I recently came across another photographer’s blog post about unplugged weddings (no cellphones, cameras, etc. during the ceremony) and thought it was quite open for debate.

Unplugged Weddings

Some think unplugged only benefits the photographer because we then have exclusive images to sell the client. As much as that statement has some truth to it, it is not entirely fact. The reason most of us photographers prefer an unplugged wedding is so that our photographs, the ones you are paying us to capture, are at a professional standard and art-worthy. The only thing worse than not capturing the perfect moment because we “missed it”, is nailing the shot only to see that a guest’s flash or body has ruined YOUR image. That’s right, as saddened and frustrated we photographers get when someone ruins one of our photographs, keep in mind these are images of your wedding. Often enough we are limited to one area of the church/sanctuary/etc. and cannot step into the aisle. When a guest steps out into the ailse in front of us, it makes it very difficult to capture the moment. Especially when your guest is using an on-camera flash or large tablet which get in the way.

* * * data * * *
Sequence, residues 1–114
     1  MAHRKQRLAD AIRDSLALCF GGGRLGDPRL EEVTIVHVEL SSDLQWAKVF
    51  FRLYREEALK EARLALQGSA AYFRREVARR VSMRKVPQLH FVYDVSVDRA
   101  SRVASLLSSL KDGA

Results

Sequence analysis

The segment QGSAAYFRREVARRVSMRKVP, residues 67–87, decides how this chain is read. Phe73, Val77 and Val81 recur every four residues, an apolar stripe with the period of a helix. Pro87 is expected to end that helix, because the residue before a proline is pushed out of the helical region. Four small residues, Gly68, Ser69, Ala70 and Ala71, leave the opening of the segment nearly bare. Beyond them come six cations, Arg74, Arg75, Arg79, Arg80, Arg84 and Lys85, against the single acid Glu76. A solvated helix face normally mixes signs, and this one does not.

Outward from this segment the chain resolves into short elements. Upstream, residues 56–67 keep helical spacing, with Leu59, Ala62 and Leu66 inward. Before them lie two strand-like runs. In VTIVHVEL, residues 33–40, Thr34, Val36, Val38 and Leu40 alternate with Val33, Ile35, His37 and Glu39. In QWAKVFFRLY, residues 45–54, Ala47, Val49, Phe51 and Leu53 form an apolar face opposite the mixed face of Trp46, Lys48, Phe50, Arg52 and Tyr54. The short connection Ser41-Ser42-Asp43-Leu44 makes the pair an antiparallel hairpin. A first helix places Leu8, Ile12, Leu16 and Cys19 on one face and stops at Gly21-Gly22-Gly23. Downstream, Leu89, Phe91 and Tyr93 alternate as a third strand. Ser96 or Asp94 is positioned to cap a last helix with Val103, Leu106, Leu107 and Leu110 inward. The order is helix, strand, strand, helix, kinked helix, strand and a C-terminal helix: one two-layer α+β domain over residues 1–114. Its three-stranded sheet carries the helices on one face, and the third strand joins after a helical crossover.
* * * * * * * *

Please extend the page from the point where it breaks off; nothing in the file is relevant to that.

One thing that has grown in popularity in the last few years is social media. Many couples even use apps and designated accounts and #hashtags to identify themselves online and ask their guests to use them when posting images from the wedding. While this new technology is super cool, it can have its downsides as well. The post also pointed out the accidental first looks because of a bridesmaid posting an image of the bride on facebook for the world to see, including the groom!

I wholeheartedly recommend an unplugged ceremony, and let your guests freely capture the rest of the day’s moments. Just make sure you set ground rules for your guests for social media and online sharing. Of course, some couples are more reserved and private for a number of possible reasons, so if you’re attending a wedding this year try to keep this in mind (for the couple AND the photographer too).